Uncertainty over the Greek bailout review took its toll on Piraeus Bank and National Bank of Greece (NBG) in the first quarter as the country’s two biggest lenders focused their efforts on cutting bad debts.
Greece’s economy contracted in the first three months of the year but less than in the final quarter of 2016, flash estimates by its statistics service showed last week, as jitters over the conclusion of a bailout review hurt business confidence.
Athens finally reached a deal on reforms with its foreign creditors in early May after six months of negotiations that harmed economic activity and made life harder for Greek banks.
The banks are still struggling with problem loan portfolios after a deep, protracted recession pushed unemployment to record highs, making it hard for borrowers to service their debts.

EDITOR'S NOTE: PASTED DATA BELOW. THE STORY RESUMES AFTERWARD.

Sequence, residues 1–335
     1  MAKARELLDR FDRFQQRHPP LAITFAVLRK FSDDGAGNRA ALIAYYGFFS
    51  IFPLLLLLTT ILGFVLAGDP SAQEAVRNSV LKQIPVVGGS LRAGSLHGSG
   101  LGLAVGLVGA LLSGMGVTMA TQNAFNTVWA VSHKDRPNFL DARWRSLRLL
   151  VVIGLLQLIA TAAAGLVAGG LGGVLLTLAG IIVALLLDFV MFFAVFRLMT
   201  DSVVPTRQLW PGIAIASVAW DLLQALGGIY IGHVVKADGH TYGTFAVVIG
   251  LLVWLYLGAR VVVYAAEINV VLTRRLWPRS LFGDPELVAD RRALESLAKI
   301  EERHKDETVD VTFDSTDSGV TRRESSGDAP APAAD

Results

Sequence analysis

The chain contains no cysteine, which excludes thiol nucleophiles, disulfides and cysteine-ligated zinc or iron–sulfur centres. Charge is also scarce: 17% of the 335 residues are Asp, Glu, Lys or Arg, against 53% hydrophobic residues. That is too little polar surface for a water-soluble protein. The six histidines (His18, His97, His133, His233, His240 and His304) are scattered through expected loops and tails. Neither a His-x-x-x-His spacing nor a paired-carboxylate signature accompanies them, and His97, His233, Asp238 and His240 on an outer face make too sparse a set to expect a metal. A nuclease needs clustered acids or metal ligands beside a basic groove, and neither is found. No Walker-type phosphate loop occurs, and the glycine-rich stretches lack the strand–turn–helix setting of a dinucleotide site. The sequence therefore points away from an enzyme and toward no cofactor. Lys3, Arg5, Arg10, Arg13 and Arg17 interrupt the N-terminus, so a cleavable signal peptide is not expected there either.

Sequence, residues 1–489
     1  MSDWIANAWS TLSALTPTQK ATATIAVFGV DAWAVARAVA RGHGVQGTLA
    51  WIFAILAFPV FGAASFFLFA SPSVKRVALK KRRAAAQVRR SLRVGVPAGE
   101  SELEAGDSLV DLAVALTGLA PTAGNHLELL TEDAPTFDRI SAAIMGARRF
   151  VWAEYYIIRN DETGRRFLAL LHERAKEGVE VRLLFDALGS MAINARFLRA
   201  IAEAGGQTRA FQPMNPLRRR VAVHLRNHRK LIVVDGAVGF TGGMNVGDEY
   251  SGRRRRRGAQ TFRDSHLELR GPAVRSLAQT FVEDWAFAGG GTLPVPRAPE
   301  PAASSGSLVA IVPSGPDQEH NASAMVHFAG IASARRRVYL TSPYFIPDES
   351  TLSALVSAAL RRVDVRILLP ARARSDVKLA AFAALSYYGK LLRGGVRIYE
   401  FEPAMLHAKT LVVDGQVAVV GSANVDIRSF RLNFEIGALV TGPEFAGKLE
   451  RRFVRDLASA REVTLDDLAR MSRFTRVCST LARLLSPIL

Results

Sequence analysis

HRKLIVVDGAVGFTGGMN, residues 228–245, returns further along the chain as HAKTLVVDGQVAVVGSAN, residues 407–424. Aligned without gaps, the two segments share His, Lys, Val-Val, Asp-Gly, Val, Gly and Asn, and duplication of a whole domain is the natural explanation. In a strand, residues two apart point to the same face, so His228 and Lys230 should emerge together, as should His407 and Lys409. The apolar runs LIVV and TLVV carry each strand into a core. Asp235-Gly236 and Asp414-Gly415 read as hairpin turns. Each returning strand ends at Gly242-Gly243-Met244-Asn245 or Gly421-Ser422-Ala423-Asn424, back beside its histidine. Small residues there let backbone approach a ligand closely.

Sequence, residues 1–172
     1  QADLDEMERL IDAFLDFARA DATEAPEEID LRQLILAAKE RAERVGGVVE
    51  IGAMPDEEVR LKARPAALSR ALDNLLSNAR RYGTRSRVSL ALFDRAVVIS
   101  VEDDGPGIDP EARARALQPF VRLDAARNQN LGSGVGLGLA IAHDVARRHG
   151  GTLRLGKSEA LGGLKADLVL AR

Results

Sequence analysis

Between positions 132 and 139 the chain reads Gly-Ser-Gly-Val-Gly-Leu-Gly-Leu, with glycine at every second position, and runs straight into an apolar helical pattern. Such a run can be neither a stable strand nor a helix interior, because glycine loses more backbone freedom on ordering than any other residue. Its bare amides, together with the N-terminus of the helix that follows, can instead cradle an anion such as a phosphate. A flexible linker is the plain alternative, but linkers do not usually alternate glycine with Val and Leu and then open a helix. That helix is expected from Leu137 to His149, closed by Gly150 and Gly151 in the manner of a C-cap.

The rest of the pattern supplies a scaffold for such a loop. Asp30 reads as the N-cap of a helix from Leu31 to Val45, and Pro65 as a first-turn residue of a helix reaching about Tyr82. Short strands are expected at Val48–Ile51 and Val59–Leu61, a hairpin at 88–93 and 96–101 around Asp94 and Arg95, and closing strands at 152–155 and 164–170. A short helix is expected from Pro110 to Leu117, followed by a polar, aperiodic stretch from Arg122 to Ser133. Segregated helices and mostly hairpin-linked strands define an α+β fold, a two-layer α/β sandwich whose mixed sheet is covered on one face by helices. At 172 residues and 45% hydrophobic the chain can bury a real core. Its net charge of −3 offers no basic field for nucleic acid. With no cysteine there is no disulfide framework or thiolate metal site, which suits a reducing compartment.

Piraeus, which is 26.2 percent owned by Greece’s bank rescue fund and is the country’s largest bank by assets, on Wednesday reported a narrower net loss of 6 million euros thanks to lower provisions for impaired loans.
But although NBG, Greece’s second largest lender, said it was profitable for a third straight quarter, net earnings fell sharply in the period as its bad debt provisions rose.
NBG, which is 40 percent owned by the HFSF bank rescue fund, posted net profit of 5 million euros, excluding assets held for sale and discontinued operations, versus net earnings of 73 million euros in the fourth quarter.